Cinequest 23 — A july playlist

25 02 2013

OK, so without a doubt one of my favorite Bay Area events is the Cinequest Film Festival held in the beautiful city of San Jose every year. I’ve had the good fortune of media access the last three year and 2013 will be my fourth time covering the awesomeness. And let me tell you, there is so much awesomeness it’s like, having your mind blown and before can be like, “oh shit, my mind just got blown” it gets blown again.


So yeah, 20 minutes ago, I submitted my recommendations for the Daily Journal and, because I want our readers not to hate me, I only picked 10 (OK, 11) films, features, whatever you want to call it (pieces of awesome? yeah, that works) to check out. Here you go, July-ers:



A powerful story of love, hope, and what it truly means to be American.

All Joe’s ever wanted is to achieve his dreams in the country he’s loved and known all his life. With a college education and a good job, he’s well on his way to living the American Dream. Yet, when his employer discovers his undocumented status, Joe’s life begins to crumble around him, and he must face the possibility of losing his livelihood, his family, and, even, himself.

Jesse Salmeron’s Dreamer opens a window into the reality of many who, because of one insurmountable obstacle, find it impossible to achieve their dreams. And by transcending racial lines, Joe’s story illuminates the immigration debate for what it is: a tragedy that affects all Americans.


La Camioneta: The Journey of One American School Bus

The inspiring journey of a bus fraught with danger.

Every day dozens of decommissioned school buses leave the United States on a southward migration that carries them to Guatemala, where they are repaired, colorfully re-painted and used as daily transportation by working class Guatemalans. La Camioneta is the enthralling story of the journey of one such bus and its owner, a man determined to survive as an entrepreneur despite overwhelming odds against his success.

In Guatemala, local gangs control the buses by extortion, violence, and even murder, which has become tragically commonplace among those who do not cooperate. Director Mark Kendall dramatically brings us into a world of dreams and ambition, fraught with terror and uncertainty. And in the end, we witness not only the rebirth of an abandoned bus, but the triumph of the human spirit.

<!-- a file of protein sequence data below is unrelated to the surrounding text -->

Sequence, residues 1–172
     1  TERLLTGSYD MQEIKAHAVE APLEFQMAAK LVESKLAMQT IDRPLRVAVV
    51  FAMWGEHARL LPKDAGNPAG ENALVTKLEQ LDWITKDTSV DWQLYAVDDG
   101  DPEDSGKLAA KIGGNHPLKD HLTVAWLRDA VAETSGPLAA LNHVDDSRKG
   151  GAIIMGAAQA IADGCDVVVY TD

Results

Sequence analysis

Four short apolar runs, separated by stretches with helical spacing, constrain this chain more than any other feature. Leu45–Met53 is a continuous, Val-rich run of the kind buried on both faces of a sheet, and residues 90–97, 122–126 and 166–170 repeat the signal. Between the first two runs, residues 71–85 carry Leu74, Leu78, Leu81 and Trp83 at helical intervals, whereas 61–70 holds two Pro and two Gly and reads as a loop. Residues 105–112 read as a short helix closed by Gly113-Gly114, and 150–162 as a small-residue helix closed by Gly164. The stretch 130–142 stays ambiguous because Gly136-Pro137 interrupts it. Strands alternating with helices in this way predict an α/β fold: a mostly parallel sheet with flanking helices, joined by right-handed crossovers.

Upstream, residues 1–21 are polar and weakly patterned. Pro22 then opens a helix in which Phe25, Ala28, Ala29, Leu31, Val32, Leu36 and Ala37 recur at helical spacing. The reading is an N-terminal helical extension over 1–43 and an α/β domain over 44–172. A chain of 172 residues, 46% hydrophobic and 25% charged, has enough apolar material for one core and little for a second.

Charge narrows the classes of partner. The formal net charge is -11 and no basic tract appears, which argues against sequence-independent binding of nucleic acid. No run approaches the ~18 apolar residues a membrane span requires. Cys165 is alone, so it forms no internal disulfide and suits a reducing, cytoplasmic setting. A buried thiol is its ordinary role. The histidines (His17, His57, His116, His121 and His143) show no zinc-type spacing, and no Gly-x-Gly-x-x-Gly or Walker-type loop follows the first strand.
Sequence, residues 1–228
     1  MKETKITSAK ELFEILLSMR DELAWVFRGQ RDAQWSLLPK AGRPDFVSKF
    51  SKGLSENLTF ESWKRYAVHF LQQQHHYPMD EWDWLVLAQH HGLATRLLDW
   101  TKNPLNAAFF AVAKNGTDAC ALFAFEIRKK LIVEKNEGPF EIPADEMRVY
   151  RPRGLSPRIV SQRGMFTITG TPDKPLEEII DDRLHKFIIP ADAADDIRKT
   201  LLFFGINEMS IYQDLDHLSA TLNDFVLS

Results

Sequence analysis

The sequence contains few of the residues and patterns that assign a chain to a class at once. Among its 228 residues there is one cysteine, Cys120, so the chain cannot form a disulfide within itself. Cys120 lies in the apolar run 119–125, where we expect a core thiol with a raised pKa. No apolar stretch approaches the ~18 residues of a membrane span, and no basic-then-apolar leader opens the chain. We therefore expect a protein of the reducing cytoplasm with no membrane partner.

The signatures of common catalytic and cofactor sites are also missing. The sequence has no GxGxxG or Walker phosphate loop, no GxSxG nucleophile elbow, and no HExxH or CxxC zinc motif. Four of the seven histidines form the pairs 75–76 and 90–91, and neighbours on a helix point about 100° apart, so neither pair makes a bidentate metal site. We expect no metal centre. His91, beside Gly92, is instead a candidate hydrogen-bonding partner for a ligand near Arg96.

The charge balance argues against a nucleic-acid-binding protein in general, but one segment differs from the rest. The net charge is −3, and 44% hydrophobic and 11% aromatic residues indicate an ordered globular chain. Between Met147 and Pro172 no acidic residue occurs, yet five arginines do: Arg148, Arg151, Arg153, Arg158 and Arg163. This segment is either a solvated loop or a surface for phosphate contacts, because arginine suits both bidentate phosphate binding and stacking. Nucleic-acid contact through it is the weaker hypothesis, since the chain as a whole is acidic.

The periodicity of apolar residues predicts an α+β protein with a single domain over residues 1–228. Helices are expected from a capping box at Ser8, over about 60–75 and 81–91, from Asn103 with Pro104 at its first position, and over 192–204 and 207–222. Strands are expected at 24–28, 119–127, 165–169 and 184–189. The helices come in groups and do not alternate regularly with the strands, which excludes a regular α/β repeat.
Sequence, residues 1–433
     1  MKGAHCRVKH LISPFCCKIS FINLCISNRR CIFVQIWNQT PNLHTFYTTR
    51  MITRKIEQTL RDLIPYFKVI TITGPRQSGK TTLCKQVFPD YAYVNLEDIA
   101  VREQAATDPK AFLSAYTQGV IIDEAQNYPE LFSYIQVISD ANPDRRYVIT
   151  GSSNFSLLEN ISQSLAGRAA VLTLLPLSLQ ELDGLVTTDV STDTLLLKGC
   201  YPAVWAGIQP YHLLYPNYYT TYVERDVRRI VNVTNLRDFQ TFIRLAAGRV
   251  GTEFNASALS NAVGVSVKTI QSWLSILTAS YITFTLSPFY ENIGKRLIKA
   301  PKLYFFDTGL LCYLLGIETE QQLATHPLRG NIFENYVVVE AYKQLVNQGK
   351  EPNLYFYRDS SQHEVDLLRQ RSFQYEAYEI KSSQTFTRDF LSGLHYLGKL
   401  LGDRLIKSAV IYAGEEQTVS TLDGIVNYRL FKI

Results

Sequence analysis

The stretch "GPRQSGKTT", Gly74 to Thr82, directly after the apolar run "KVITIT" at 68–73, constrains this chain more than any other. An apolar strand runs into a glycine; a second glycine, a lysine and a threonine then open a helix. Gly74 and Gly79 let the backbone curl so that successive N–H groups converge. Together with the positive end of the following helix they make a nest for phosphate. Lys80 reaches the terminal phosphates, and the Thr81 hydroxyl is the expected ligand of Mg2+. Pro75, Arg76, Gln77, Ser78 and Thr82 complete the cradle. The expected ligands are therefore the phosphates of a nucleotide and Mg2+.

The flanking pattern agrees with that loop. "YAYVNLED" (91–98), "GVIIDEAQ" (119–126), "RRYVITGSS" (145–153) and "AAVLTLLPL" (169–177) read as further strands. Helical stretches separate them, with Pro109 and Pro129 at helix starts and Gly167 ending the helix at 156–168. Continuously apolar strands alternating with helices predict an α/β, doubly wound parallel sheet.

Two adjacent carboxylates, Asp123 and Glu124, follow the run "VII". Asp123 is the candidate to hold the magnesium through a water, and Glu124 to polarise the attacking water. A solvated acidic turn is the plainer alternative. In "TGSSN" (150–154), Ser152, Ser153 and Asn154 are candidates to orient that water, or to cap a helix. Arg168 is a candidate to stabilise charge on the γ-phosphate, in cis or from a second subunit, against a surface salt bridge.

The Almost Man

Immaturity versus Adulthood: two will enter, one will leave.

Uneasy feelings about becoming a father and adult cause Henrik to act out in hilariously inappropriate ways in this offbeat comedy. On one hand, he wants to ignore adulthood and spend time fooling around with his friends. On the other, he must grow up and make his relationship work with Tone, the mother of his unborn child. Henrik finds it nearly impossible to balance his immaturity with his responsibilities, as he lacks certain abilities needed to handle this conflict. Will Henrik be able to mature or will his relationship fall apart? The Almost Man comically tells a tale of one man’s long road towards maturity, and how hard it can be for some individuals to face the prospect of growing up.

Preceded by the short film: Where We Are Safe; PTP film; 6min; To escape the claws of the Bay Area’s underbelly, fear-stricken youths seek shelter away from dark corners.


Made in China (Hecho en China)

One would think that a simple road trip across Mexico would be less…complicated.

For his 50th birthday, Marcos receives an invitation to the wedding of the only woman he loved…30 years ago. To add to this, the Chinese Mafia is after his restaurant, and Marcos’ dream of becoming a writer seems very unattainable. So, wouldn’t the wedding be the perfect time to get away from it? One would think so. But when joined on the road trip by Fernando, an irresponsible delivery guy, the cross-country adventure becomes a bit more problematic than Marcos needs, and he can only hope he will make it to the wedding on time.

Director/writer Gabriel Guzman crafts a highly entertaining adventure that is both funny and affecting. Top that with stunning performances from Odiseo Bichir and Victor Hernandez, and you have a recipe for delight.


Goldfish Go Home (Akane Iro No Yakusoku)

Two kids. One mysterious blue goldfish. And a beautiful adventure.

Young Brazilian immigrant Ricardo is having real trouble settling into Japanese school, where he is bullied and can barely follow the classes. When Ricardo catches a blue goldfish that turns out to be the spirit of a Chinese Princess, the ensuing surge of interest in this rare creature forces him and his charming classmate, Hanako, to join forces to take on the mayor and the Yakuza to save their town and the livelihood of its people.

A combination of fantasy and comedy, director Shohei Shiozaki’s debut film is a youthful tale portraying the importance of friendship through the struggles of an immigrant family, while offering a beautiful celebration of Japanese culture.


I Am A Director

Authenticity is not his strong suit.

In a mockumentary-style comedy in the vein of Christopher Guest’s Best In Show, there is one goal: make the BEST HOLLYWOOD FILM EVER! Carlos is a Puerto Rican filmmaker – one of many – aiming to make a “Hollywood” film. It has to be extravagant, dramatic, and MUST be in English. Otherwise, he says it cannot be exported. Joa, his best friend and film’s producer, tries to help him stay on track and achieve his goal. But even she did not expect him to become a puppy at one of their actresses’ feet. Jealousy will both tear these friends apart and pull Carlos further from his dream of being a master at his art. The question for Carlos is how many bad judgment calls he has to make on and off set before he realizes what he really needs to pursue.